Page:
Eight Trends for Social Entrepreneurship in 2011
Here are the 8 trends in social innovation Scheitzer identifies:
1. More Creative Funding Solutions for Social Entrepreneurs
2. Improvement of Metrics and Increased Adoption Rates
3. The Formation of an International Community of Social Entrepreneurs
4. Closing the Gap between For-profit and Nonprofit
5. The Democratization of the Movement
6. The Evolution of a Meta Profession
7. Growth of the Youth Constituency
8. More Product-Driven Ideas
I think the most interesting one for future social entrepreneurs is the rise of the meta-profession, because it suggests that one not need major in social enterprise to be a social enterpreneur (or to those who do major in social entreprenership, it might suggest that you develop a range of specialties):
With a broader definition of social entrepreneurship comes room for multiple change-making roles. A social entrepreneur no longer encompasses just the person with an innovative idea for addressing a social problem. There are also those that play a role in building the infrastructure needed to implement these solutions – whether that be the lawyers, engineers, or biologists without which actual social change could not be realized. There are also those that approach social change through the arts – via journalism, documentary filmmaking and even performance. The definition of a social entrepreneur says Brodbar, is expanding now to encompass all these roles.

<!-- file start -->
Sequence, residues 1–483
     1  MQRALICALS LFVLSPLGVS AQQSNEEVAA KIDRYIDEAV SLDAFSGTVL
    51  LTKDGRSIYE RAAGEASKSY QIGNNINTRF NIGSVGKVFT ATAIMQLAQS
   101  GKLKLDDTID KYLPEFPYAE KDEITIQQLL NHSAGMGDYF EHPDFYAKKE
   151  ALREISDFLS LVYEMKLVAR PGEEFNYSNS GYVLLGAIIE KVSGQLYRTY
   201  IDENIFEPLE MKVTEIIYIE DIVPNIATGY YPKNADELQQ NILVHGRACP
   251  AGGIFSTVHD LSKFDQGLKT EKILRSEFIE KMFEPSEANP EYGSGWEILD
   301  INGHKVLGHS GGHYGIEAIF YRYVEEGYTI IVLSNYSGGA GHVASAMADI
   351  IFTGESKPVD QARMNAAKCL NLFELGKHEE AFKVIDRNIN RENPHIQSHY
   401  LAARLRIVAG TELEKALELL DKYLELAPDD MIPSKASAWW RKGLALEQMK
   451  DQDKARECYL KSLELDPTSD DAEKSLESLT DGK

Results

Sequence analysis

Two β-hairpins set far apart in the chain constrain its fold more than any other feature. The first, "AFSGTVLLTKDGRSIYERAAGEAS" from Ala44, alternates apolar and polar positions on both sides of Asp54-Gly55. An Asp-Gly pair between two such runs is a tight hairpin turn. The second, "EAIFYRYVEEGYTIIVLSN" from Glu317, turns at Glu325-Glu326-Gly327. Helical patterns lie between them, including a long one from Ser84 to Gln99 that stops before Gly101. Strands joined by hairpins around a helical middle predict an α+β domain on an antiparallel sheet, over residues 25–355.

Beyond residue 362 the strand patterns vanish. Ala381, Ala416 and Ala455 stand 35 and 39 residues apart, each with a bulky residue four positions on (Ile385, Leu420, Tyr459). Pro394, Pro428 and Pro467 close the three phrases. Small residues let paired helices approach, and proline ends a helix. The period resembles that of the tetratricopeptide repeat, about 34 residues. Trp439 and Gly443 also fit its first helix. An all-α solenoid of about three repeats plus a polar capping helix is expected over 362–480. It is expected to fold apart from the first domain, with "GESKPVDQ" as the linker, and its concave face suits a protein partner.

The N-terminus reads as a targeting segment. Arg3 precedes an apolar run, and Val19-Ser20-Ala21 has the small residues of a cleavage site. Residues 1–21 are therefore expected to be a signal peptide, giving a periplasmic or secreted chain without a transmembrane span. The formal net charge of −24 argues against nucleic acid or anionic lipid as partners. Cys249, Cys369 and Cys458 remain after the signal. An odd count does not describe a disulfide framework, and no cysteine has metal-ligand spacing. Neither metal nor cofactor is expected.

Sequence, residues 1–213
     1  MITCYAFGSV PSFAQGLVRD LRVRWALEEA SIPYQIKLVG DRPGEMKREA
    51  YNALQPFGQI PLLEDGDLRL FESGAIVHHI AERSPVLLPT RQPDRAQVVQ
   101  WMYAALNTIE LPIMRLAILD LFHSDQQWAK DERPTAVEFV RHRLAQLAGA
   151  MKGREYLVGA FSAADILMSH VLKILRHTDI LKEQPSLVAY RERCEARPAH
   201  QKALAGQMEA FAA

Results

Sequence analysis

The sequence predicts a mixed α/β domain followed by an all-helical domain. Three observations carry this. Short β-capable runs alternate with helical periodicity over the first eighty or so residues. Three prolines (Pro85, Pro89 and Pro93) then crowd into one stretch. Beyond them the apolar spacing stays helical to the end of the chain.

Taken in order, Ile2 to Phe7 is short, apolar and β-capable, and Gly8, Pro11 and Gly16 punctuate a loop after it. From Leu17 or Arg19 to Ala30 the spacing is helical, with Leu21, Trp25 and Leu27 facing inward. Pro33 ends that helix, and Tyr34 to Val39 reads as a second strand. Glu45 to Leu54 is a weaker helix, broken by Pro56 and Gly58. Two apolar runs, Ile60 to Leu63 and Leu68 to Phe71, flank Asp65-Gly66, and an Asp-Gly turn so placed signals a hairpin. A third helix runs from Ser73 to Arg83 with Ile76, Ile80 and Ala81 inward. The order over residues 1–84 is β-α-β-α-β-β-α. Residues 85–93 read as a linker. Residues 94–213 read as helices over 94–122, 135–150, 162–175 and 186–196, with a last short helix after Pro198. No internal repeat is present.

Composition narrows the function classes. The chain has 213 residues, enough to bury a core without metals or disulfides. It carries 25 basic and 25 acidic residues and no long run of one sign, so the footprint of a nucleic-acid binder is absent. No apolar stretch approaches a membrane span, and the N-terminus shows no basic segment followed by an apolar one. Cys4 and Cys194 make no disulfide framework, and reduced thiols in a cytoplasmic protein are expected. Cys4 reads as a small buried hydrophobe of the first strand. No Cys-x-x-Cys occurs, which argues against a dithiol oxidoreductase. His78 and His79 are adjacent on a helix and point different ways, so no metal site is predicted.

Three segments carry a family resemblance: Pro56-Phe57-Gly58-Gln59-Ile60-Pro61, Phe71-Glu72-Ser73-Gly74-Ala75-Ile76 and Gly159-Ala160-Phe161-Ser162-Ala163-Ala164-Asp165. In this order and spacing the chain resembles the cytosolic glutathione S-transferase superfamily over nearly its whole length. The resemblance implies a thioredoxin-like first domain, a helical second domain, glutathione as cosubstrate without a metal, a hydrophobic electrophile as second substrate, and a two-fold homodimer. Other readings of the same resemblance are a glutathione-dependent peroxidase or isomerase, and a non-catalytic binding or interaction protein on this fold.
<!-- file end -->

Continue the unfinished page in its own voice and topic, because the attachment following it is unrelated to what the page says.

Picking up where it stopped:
Tamara Schweitzer has an excellent article at Dowser about trends in social entrepreneurship for 2011. Read the full article for a full explanation of the expansion of the field.
Additionally, I suggest looking back at my earlier post on trends in the social enterprise space which seems to still be relevant and vital.
I think moving forward, more emphasis will be place on lean social enterprise, which means the work on lean start ups will increasingly be relevant to social innovators (the main difference is that lean start up is focused on high technology vs. service firms). The role of consumer development & getting in your consumers head is still very relevant.